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I am bugged by an apparent inconsistency between:

  1. image resizing functionalities from keras.preprocessing, which are wrappers around PIL functions
  2. image resizing functions in TensorFlow's tf.image.

I am training a deep learning model for a computer vision task with Keras (actually, with tf.keras, but that doesn't matter here). I then serve the model with TF Serving, which requires me to send images to the model as encoded byte-strings, where they are decoded using tf.image.decode_png before going through the model graph.

The problem occurs when I resize the images. Resizing with bilinear interpolation (or any other method) gives different results with PIL compared to with tf.image, to such extent that the classification by the model changes depending on which function I use.

The code below provides a reproducible example.

import numpy as np 
from PIL import Image
from keras.preprocessing.image import load_img, img_to_array
import tensorflow as tf

# Generate an 'image' with numpy, save as png
np.random.seed(42)
image = np.random.randint(0, 255, size=(256, 256, 3)).astype(np.uint8)
Image.fromarray(image).convert("RGB").save('my_image.png')

Now, let's load the image in two ways. First with the PIL wrappers from Keras, as during the model training, then encoded as a binary string and decoded with TensorFlow functions, as in my model server.

# Using Keras PIL wrappers
keras_image = img_to_array(load_img('./my_image.png')) 

# Using TF functionalities
with tf.Session() as sess:
    with open('./my_image.png', 'rb') as f:
        tf_image_ = tf.image.decode_png(f.read())
    tf_image = sess.run(tf_image_)

So far so good, as both images are exactly the same (apart from the dtype, as Keras has casted the image to float32):

# Assert equality
np.array_equal(keras_image, tf_image)
> True

Repeating this code with resizing however gives a different result:

# Using Keras PIL wrappers, with resizing
keras_image_rs = img_to_array(load_img('./my_image.png',
                             target_size=(224, 224),
                             interpolation='bilinear'))

# Using TF functionalities, with resizing
with tf.Session() as sess:
    with open('./my_image.png', 'rb') as f:
        tf_image_ = tf.image.decode_png(f.read())
        # Add and remove dimension
        # As tf.image.resize_* requires a batch dimension
        tf_image_ = tf.expand_dims(tf_image_, 0)
        tf_image_ = tf.image.resize_bilinear(tf_image_,
                                            [224, 224],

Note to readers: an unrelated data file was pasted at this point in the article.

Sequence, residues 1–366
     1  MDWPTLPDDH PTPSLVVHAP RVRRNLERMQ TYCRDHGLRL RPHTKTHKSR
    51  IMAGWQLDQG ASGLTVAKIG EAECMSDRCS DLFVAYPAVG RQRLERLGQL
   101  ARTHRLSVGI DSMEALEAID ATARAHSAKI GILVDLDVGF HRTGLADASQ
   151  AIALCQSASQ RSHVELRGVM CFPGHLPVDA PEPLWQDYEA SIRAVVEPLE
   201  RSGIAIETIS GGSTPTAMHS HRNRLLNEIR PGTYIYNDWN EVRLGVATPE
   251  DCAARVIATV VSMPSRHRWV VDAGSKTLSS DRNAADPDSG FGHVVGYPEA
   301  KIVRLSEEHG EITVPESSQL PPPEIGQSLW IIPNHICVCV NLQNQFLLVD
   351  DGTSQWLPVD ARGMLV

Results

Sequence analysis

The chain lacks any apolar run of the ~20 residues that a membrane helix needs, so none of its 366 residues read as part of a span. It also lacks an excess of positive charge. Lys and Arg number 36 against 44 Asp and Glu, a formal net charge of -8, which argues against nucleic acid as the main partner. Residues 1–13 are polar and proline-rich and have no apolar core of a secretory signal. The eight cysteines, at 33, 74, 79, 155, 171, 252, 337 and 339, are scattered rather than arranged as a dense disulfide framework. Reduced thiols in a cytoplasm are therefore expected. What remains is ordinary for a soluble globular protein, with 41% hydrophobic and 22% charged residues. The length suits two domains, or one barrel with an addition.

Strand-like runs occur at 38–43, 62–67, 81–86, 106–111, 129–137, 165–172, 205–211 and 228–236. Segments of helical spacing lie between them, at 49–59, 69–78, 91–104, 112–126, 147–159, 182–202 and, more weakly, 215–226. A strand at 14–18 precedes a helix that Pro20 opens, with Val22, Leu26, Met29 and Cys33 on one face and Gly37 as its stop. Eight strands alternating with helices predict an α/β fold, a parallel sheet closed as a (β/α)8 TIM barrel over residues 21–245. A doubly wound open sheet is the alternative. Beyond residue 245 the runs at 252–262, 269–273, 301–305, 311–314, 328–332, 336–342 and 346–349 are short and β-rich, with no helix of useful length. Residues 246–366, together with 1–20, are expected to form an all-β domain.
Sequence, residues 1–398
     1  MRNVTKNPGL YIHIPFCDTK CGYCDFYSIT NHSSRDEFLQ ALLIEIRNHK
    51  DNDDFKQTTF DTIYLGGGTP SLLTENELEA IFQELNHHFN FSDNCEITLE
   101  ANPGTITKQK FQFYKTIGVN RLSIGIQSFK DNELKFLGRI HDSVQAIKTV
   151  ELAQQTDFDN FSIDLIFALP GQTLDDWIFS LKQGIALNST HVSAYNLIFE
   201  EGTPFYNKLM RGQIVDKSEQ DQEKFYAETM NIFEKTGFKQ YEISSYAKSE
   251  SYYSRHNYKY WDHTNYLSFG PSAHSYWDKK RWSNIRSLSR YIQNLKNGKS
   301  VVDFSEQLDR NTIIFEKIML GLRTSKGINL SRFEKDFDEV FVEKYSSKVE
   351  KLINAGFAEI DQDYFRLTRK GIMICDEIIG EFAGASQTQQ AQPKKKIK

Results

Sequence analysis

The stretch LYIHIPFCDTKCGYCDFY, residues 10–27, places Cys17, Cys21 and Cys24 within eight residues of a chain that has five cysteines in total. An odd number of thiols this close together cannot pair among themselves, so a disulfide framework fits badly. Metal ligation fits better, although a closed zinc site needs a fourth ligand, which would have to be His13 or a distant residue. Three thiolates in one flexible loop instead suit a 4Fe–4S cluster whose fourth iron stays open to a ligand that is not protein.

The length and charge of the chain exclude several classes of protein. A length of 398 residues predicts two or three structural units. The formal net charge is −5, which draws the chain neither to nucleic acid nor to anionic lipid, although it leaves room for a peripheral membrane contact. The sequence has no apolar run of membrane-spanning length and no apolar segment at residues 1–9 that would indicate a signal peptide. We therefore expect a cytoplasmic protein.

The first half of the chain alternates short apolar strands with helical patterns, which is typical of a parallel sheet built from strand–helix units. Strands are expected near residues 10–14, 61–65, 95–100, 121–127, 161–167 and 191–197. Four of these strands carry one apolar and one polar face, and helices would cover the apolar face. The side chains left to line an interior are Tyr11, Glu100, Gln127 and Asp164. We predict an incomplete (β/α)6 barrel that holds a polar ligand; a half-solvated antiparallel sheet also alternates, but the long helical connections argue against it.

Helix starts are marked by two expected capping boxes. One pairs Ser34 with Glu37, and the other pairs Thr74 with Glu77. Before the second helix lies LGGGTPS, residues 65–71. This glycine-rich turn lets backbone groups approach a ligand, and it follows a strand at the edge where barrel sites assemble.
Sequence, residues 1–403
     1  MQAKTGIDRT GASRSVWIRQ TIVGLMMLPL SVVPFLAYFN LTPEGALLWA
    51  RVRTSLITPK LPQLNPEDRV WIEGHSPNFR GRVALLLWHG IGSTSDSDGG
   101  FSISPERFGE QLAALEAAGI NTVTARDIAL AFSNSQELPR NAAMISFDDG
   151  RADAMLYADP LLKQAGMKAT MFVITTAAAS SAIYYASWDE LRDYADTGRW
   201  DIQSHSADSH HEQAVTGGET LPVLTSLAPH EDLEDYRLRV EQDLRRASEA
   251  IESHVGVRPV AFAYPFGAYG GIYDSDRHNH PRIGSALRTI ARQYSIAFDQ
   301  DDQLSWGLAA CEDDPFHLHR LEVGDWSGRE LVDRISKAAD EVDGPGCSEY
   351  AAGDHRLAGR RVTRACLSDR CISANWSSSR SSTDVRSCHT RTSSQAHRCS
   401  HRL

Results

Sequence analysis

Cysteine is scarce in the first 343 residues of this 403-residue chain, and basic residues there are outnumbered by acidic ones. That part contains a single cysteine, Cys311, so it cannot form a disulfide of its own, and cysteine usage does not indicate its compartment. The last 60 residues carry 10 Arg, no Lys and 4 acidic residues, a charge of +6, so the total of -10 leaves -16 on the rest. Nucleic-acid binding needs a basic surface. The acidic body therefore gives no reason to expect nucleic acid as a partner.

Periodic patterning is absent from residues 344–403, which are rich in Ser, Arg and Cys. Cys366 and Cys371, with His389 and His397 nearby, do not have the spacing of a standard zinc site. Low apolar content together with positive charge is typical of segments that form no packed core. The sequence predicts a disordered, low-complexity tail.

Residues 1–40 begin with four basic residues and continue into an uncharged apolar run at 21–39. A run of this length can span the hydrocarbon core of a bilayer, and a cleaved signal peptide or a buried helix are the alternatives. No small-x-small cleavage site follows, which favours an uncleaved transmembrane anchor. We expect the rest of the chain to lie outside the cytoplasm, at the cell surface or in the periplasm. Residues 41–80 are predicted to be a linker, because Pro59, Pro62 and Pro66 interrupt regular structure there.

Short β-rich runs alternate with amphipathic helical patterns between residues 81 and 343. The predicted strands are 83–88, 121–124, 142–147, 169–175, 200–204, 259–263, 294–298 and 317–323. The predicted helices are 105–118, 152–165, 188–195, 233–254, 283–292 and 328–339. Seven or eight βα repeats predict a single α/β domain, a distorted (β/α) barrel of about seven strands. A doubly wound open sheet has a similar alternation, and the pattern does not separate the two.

align_corners=True)
        tf_image_ = tf.squeeze(tf_image_, axis=[0])

    tf_image_rs = sess.run(tf_image_)

# Assert equality
np.array_equal(keras_image_rs, tf_image_rs)
> False

The mean absolute difference between the two images is non-negligible:

np.mean(np.abs(keras_image_rs - tf_image_rs))
7.982703

I played with the align_corners argument, and tried other available interpolation methods as well. None give the same output as when resizing the image with PIL. This is quite annoying as it gives me a skew between training and testing results. Does anyone have an idea as to what causes this behavior, or on how to fix it?

7

The behavior described completely matches what's written in this article: How Tensorflow’s tf.image.resize stole 60 days of my life

In short: yes, PIL/sklearn/OpenCV and other common libraries for image manipulation have the correct behavior, while tf.image.resize has a different behavior that won't be changed in order to not break old trained models.

Hence, you should always preprocess your image using the same library outside the computational graph.

Link to the relevant github thread: https://github.com/tensorflow/tensorflow/issues/6720

  • Thanks. There should be a big disclaimer in the docs of the tf resizing functions. – sdcbr Feb 3 at 6:50
  • I agree. However, if my answer solved your problem please remember to mark it as accepted – nessuno Feb 3 at 7:07
  • 1
    I added the link to the github thread. There's a comment there from late 2018 that they are working on it :) – sdcbr Feb 3 at 17:36

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